Another St. Patrick's day has past, which in the US has become a curious spectacle of elective affinity for an imagined identity. Bars and parades are full of one-day-a-year patriots drinking green beer, singing A Nation Once Again, without ever wondering if the supposed nation was ever there in the first place, let ago ready for reappearance. And don't get me started on corned beef and cabbage...
I'm as much of a mutt as most Americans, with some fractional advantage to those ancestors whose last European home was in Ireland (with the rest from Holland or Britain), We've kept in touch with relations on that island and my mother even has an Irish passport, but identifying myself as Irish-American seems odd. In fact, the whole business of program note biographies and encyclopedia entries which inevitably begin with some national identity (American composer Philo T. Boxtop... ) seems even more odd. How obligatory or meaningful is such an identification? Does a composer identify musically with a nation state? With a piece of real estate? With a language or the traditional customs of some tribe or folk?
(For the record, my earliest haplogroup (M168) hasn't made me any more attached to the Rift Valley, although I am certainly fond of Doro Wat and Injera).
My personal attachment to the mountains, desert and coast of California is real, but it seems presumptive to claim that they are embedded in my music. On the other hand, my few years on the East Coast were mostly unhappy and more foreign, in their way, then time spent in places where I had to get my passport stamped. (A few weeks in the Deep South of the US were certainly the most exotic experience of my life.) So identification as an American composer seems rather coarse to me, no matter how honored I'd be to share the designation with Ives, Cowell, or Cage.
On the other hand, though I've been in Europe for a long enough time, coming here was unplanned and unexpected, personal rather than professional, and staying here is as much due to relatively good schools and health care for the family as any geographical or cultural attachments, of which I have few and increasingly fewer. That said, whenever a work of mine is played here, the advertisement is inevitably of a work by an American composer, which I can sometimes get the organizer to temper to Californian, but when a piece is programmed in the States, I just as inevitably get the qualifier "Frankfurt-based." (Does that mean I'm following in the steps of Telemann, Humperdinck and Hindemith, or that I ought to be expert in the writings of Goethe or Adorno? Or maybe I should have a special relationship to Rindswurst or Grie Soß?)
This lack of attachment comes with advantages and disadvantages. Musically, especially for work with experimental ambitious, this detachment can lead to a useful distance from habit or tradition. But there are real practical disadvantages in not being a fully enfranchised member of the local polity: my status is perpetually that of a tolerated guest (and during the Bush wars, even this was not always clear) and I can't vote here, but must pay the same taxes as those who can. At the level of the nation-state, this pains little, but I do like to participate in local affairs. More critical, however, is that I often fall between the cracks for music presenters and musical funding sources. Not being German, my work can't be supported by a number of sources and not being resident in the US, a number of sources there are — whether by rule or by practice — cut off from me. But most critically, the attachment of one label, whether American or experimental or minimal or serial or complex or neo-/archao-/post-/prae-/ad hoc-whatever, can lead to the uniform identification of all of ones work with that label. If your particular label does not fit the fads and fancies of the current programming season, tough luck. (And if you hairstyle doesn't fit, even worse luck...)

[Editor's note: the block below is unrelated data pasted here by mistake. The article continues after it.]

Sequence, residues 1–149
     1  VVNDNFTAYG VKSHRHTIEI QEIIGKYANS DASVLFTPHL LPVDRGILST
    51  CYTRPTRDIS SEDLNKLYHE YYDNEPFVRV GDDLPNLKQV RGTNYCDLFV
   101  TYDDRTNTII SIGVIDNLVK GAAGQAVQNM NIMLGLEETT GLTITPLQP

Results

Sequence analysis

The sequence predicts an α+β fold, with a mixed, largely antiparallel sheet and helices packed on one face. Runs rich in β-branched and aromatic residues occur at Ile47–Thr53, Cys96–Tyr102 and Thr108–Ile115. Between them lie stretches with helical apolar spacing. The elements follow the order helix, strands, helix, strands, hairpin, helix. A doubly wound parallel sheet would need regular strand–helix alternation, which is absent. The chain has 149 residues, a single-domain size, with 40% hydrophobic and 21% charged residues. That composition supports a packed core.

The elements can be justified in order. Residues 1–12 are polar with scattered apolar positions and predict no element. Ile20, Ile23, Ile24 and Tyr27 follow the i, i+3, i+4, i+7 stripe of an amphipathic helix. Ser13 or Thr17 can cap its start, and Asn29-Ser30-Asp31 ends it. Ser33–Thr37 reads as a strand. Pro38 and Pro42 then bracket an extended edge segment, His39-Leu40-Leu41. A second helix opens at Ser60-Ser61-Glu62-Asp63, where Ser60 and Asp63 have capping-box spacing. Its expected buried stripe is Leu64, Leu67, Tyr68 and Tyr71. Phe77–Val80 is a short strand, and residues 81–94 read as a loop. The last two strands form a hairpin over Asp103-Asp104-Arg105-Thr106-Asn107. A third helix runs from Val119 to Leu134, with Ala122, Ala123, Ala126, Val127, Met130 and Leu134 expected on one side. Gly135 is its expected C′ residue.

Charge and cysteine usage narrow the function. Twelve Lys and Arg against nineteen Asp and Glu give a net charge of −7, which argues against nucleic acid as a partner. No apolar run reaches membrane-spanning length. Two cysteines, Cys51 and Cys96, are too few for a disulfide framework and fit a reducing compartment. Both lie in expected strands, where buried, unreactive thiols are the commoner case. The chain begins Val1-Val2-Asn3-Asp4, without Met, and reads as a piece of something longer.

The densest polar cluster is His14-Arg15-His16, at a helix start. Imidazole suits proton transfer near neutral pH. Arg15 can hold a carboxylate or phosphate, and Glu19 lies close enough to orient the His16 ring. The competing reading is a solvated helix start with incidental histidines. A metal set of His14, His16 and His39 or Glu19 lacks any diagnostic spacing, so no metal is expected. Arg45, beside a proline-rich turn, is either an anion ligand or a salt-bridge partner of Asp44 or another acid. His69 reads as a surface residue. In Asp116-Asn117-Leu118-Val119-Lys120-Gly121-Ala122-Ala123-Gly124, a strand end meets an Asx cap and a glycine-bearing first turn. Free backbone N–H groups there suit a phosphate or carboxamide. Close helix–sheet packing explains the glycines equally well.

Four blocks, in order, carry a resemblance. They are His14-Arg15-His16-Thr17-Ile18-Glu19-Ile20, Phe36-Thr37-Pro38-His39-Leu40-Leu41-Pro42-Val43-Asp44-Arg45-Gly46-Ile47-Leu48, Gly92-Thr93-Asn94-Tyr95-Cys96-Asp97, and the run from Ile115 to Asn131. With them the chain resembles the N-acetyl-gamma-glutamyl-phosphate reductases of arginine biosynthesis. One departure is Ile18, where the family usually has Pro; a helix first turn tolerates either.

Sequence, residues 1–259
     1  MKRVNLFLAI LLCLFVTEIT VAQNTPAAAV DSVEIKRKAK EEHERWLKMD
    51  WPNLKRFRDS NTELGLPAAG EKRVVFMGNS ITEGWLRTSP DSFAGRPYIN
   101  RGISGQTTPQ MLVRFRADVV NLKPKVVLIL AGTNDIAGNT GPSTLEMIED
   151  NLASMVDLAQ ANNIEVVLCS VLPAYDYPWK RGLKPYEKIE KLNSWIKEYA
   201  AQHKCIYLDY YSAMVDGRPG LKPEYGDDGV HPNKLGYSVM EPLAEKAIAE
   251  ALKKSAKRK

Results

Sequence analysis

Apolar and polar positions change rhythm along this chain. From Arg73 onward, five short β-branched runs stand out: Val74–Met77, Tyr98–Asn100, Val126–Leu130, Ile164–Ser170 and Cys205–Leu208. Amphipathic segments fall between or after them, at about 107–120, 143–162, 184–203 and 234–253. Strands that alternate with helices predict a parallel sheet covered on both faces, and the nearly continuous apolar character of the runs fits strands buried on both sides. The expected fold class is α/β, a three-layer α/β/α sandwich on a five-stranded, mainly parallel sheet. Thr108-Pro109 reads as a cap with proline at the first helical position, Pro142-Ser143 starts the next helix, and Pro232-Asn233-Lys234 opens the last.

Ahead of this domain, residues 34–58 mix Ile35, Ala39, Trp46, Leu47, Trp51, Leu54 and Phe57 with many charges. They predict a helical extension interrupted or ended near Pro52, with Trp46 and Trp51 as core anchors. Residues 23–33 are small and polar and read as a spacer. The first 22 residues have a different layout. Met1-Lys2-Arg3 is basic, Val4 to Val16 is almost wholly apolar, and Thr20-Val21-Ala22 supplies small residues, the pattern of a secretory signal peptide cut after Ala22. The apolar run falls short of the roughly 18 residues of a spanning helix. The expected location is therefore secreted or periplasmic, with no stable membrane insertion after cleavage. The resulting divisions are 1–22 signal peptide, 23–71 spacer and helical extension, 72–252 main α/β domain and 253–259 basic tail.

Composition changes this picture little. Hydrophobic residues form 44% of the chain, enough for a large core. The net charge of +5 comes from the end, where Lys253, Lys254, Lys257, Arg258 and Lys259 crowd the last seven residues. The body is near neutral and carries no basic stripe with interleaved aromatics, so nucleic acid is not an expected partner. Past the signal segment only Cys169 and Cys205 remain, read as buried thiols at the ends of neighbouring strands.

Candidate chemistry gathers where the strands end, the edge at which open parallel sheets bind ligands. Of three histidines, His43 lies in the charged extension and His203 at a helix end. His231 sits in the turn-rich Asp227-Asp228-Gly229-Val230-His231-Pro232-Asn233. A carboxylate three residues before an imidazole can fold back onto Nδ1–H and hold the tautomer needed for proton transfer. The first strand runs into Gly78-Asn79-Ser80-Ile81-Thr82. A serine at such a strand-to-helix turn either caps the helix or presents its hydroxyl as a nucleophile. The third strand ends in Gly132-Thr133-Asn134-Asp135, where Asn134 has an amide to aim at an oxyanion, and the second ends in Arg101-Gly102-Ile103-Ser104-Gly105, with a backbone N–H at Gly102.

Years ago, in grad school, I noticed that most of the composers in New York, the most saturated marketplace for composition in the US, tended to discipline themselves so that their work was ever-more focused on a particular specialization. This is probably an inevitable behavior in such a market, and to its credit, New York manages to support competing streams of music-making to some degree or another, but it also leads to precisely the labelling described above. I'm less interested in catalogues of composers than in individual works of composers, and sometimes only even in moments, marvelous moments, in those individual works, so this labelling is essentially a filtering device for programmers and marketers and a distraction, away from the music, for me. Moreover, the capacity for talented composers, and American composers perhaps particularly so, to, chameleon-like, elect one identity or another, just like American politicians all becoming Irish for one day in 365, is something that surely should raise suspicion.
You would think that, with all of the ease of communication and travel, such labels should be increasingly discounted. (Not disregarded, just discounted). I suppose, however, that an economically marginal activity like new music is going to hang onto these for sometime longer in that the filtering, segregating, and isolating effects still have an economic function, a crude but practical filter on a supply of music far in excess of demans. Restraint of trade, one might say. But if we practice a bit more suspicion of the labels, perhaps we can restore some more valid utility to them. There are, indeed, qualities that are inescapably French to the music of Berlioz, Debussy or Boulez or American about the music of Ives or Piston or Harold Budd, and it can be useful to talk about these qualities, if the talk is more than an arbitrary, casual and prejudiced application of labels, but rather as nothing more than an opening to a discussion of real differences in music.